[MUD-Dev] MUD Design Fundamentals (Was: Looking for books...)

Chris Gray cg at ami-cg.GraySage.Edmonton.AB.CA
Fri Aug 29 08:23:12 New Zealand Standard Time 1997


Apologies in advance for an typos, etc. - I'm in a hurry this morning...

[Ola G:]

:Uh, well, in my opinion, persistence support (compiler/language/library)
:is great for rapid prototyping, especially if you have a graph-like
:object system, but there are some downs:
:
:1. even minor changes in datastructure may require a wipe, or some
:extra	  coding effort

Major data structure changes require a total system rebuild in a non-
persistent language system, so this is hardly a disadvantage of persistent
systems. The point is that with a persistent system, it can be possible,
though likely a lot of effort, to make such changes without takin gthe
system down. That might be important for a major commercial setup that
simply cannot afford downtime.

:2. reloading may not give you what you want, it is easy to make blunders

Ah, sure, but I don't see the point. Blunders are blunders, whether your
system is persistent or not.

:3. fixing a bug in the code may not be enough if the bug is present in
:   the stored structure.

True. HOwever, I've noticed that bugs are cause by code bugs (gee!). So,
if you have a bug in a non-persistent system, then it will affect the
same things there as it would in a persistent system. So, no real
difference. One slight difference is that in a long-uptime persistent
system, the bugs accumulate, whereas if you keep shutting down and
restarting your system, you might have fewer symptoms present at any
given time.

:etc. I only have some experience with persistence, maybe there are
:approaches that are better, but I know for sure that I wouldn't rely on
:persistence alone in any long term project.

Again, I don't see your point. Certainly you have to have something in
yoru system besides persistence, but that is hardly a disadvantage to
having persistence.


Here is one real disadvantage of a persistent language system versus
a more traditional "save character stats to a file" system. In the
former, problems in the underlying system, or to the overlying
scenario code can result in character structures getting mangled. That
mangled-ness persists. If you have a very simple save structure, then
you can fix your code problems, and then reload your characters from
the simple files, without loss of any information that you are supposed
to save about the characters. Such kinds of fixes are possible in a
persistent system, but they are more work.

:Well, actually, the guy with the original post seemed to ask for
:information on A LOT of fields,and quite specialized ones, and was still
:talking about "hobby" projects.  I don't really think that is the right
:"mood" for getting a project done (my own experience).  What I tried to
:get through is that you don't really have to get into all the messy
:optimizations or advanced parser stuff right from the start. It's a very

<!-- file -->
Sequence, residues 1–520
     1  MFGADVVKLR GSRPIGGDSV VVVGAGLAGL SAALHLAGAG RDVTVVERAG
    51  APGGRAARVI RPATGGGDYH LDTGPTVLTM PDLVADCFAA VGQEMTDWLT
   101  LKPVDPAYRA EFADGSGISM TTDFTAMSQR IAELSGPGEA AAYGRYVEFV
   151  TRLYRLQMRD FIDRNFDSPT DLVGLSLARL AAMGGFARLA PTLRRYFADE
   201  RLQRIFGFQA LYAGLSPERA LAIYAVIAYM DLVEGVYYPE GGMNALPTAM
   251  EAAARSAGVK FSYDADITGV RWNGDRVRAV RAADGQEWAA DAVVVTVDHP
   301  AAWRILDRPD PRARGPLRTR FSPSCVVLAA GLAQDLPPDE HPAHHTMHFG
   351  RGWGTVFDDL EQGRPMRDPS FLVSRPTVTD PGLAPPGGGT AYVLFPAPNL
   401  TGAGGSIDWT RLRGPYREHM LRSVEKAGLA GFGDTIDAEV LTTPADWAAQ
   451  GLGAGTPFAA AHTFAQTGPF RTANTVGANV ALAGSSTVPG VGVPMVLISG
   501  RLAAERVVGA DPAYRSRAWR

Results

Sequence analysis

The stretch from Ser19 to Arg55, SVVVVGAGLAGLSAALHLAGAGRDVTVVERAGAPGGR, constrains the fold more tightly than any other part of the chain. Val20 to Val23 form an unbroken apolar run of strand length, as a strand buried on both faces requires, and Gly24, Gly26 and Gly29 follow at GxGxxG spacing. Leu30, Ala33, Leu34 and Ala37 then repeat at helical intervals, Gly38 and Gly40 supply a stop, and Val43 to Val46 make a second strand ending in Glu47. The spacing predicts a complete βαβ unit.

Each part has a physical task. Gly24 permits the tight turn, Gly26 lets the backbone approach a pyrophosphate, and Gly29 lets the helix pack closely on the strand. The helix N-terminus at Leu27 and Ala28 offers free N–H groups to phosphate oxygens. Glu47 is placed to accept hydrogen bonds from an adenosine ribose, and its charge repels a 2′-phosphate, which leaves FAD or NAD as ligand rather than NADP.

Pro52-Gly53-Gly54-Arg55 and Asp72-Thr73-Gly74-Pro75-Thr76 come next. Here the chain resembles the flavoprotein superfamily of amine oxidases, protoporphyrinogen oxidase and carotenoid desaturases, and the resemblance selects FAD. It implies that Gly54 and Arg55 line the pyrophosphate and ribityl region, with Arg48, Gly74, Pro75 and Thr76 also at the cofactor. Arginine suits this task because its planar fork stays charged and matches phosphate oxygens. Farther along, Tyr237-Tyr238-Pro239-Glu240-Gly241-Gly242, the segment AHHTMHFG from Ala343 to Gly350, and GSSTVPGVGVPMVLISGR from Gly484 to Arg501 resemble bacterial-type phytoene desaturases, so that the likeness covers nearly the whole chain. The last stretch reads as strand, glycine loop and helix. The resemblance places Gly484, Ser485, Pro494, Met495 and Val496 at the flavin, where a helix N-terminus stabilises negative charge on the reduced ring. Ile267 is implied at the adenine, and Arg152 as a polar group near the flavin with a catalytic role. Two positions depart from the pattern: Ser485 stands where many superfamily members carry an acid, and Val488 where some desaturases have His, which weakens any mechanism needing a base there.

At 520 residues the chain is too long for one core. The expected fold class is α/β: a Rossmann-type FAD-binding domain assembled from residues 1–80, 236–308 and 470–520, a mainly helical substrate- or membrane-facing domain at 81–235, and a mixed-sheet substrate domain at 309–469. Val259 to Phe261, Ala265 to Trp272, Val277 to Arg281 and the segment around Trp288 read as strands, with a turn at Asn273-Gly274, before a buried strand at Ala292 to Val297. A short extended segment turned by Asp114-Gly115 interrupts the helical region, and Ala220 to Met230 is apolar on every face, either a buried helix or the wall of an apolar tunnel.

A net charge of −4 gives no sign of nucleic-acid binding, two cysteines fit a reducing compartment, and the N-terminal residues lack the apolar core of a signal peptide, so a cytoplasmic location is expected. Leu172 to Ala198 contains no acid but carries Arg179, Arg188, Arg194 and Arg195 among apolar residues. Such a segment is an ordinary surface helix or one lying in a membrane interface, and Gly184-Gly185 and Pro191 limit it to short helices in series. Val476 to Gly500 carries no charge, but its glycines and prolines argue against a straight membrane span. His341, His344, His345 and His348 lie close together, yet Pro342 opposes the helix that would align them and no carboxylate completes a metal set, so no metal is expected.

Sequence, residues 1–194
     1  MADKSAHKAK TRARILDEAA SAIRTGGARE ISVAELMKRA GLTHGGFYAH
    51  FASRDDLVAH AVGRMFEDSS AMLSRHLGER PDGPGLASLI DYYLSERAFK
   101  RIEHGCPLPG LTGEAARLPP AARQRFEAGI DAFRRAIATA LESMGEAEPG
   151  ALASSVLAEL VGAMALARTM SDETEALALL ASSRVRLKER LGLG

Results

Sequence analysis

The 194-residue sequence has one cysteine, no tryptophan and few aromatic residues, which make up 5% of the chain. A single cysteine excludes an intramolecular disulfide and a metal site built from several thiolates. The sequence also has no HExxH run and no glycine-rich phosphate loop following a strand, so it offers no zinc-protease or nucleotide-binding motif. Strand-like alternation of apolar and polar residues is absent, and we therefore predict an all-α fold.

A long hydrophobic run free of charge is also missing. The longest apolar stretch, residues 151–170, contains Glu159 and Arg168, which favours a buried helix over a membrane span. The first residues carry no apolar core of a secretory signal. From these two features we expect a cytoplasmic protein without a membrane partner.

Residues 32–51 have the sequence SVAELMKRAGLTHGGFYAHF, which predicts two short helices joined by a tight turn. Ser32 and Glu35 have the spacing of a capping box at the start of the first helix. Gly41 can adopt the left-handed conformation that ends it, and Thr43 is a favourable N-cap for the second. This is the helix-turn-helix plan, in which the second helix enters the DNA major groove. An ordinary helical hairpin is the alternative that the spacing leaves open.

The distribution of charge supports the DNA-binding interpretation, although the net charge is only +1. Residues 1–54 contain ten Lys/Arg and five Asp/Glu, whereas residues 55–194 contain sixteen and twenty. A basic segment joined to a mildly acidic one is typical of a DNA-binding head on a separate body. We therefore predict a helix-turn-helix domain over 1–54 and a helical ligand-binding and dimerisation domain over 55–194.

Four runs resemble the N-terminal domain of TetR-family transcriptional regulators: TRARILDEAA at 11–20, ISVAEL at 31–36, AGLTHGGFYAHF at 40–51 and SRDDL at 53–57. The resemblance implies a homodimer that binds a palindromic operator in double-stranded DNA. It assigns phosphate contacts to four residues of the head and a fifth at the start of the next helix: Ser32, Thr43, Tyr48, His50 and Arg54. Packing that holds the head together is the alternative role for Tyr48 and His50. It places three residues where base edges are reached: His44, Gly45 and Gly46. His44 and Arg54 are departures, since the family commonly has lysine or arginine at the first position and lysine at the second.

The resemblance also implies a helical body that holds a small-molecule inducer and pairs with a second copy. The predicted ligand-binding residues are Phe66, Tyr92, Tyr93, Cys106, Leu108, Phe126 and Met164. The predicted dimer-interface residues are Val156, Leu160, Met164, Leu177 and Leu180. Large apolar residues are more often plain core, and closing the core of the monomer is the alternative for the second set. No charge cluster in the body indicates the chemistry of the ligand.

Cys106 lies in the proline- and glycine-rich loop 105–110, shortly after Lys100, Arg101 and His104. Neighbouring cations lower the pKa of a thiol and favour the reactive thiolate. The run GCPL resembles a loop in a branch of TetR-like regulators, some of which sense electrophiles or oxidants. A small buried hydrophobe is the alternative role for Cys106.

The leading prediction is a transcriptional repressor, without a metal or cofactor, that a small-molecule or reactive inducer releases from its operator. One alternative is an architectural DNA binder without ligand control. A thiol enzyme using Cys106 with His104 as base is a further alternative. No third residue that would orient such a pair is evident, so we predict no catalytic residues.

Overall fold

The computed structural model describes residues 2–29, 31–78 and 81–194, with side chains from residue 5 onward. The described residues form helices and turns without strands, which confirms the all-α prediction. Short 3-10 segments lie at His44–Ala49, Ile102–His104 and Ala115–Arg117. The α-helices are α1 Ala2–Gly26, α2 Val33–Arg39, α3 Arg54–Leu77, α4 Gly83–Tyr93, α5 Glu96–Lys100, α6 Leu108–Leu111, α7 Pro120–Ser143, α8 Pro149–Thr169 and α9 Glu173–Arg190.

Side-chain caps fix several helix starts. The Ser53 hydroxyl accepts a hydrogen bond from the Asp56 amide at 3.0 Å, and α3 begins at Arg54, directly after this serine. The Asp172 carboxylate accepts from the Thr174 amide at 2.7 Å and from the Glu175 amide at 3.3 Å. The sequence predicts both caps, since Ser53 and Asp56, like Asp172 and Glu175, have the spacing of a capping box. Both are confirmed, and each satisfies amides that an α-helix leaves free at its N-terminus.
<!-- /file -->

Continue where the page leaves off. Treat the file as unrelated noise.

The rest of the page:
:bad idea for a startup to use more advanced techniques than needed for
:running a small scale server.	The only main issue is to design the
:object system and make components (like binary trees) independent and
:replaceable.  More advanced approaches usually results in increased
:codesize, more bugs, more interdependencies, longer compiletimes, longer
:development times, difficulties when making major changes etc.

Depends on what the hobbyiest wants. If the areas they are interested
in exploring are the advanced features, then that's what they will have
to put in and work with. Not everyone just wants to put up a MUD of
some kind in the shortest time possible.

:Well, I knew it was written without any connection to Xerox, but that
:was not the point.  What I tried to get through was that the basic
:designs for new approaches to MUDs are typically done by professionals.
:That is at least my impression. (I don't like MOO or any of it's
:decendants, but that's another issue) Although most MUDs are run as
:"hobby" projects, which is a different thing...

Very few of us here are "MUD professionals". We are mostly computer
professionals, or perhaps even RPG professionals. Is that what you
are referring to?

:I think there is at least 3 major MUD designproblems:
:
:1. To have a reason for every feature and concept based in either of the
:two fields social-psychology and userinterface design.

Not something I ever even considered in mine. THen again, as a hobbiest
in the area, I was interested in different aspects of the MUD world.

:2. To cut down the project constantly. To collaps several concepts into
:one concept.  To force onself into NOT adding another feature. 

I'm an incessant trimmer and optimizer, but sometimes you have to add
features to, well, add features.

:3. To force a change of metaphores. To explore more than one concept
:continuously throughout the designprocess.

Persistence is one such thing. So is multimedia.

--
Chris Gray   cg at ami-cg.GraySage.Edmonton.AB.CA



More information about the MUD-Dev mailing list